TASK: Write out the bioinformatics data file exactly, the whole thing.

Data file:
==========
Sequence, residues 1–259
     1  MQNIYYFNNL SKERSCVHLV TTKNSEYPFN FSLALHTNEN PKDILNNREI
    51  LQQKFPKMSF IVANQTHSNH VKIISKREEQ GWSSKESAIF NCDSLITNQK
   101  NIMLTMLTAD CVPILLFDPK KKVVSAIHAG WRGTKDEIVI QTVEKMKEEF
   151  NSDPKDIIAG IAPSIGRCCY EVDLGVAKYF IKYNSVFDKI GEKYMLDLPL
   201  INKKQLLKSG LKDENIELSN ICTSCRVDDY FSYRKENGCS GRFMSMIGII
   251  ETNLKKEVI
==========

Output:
Sequence, residues 1–259
     1  MQNIYYFNNL SKERSCVHLV TTKNSEYPFN FSLALHTNEN PKDILNNREI
    51  LQQKFPKMSF IVANQTHSNH VKIISKREEQ GWSSKESAIF NCDSLITNQK
   101  NIMLTMLTAD CVPILLFDPK KKVVSAIHAG WRGTKDEIVI QTVEKMKEEF
   151  NSDPKDIIAG IAPSIGRCCY EVDLGVAKYF IKYNSVFDKI GEKYMLDLPL
   201  INKKQLLKSG LKDENIELSN ICTSCRVDDY FSYRKENGCS GRFMSMIGII
   251  ETNLKKEVI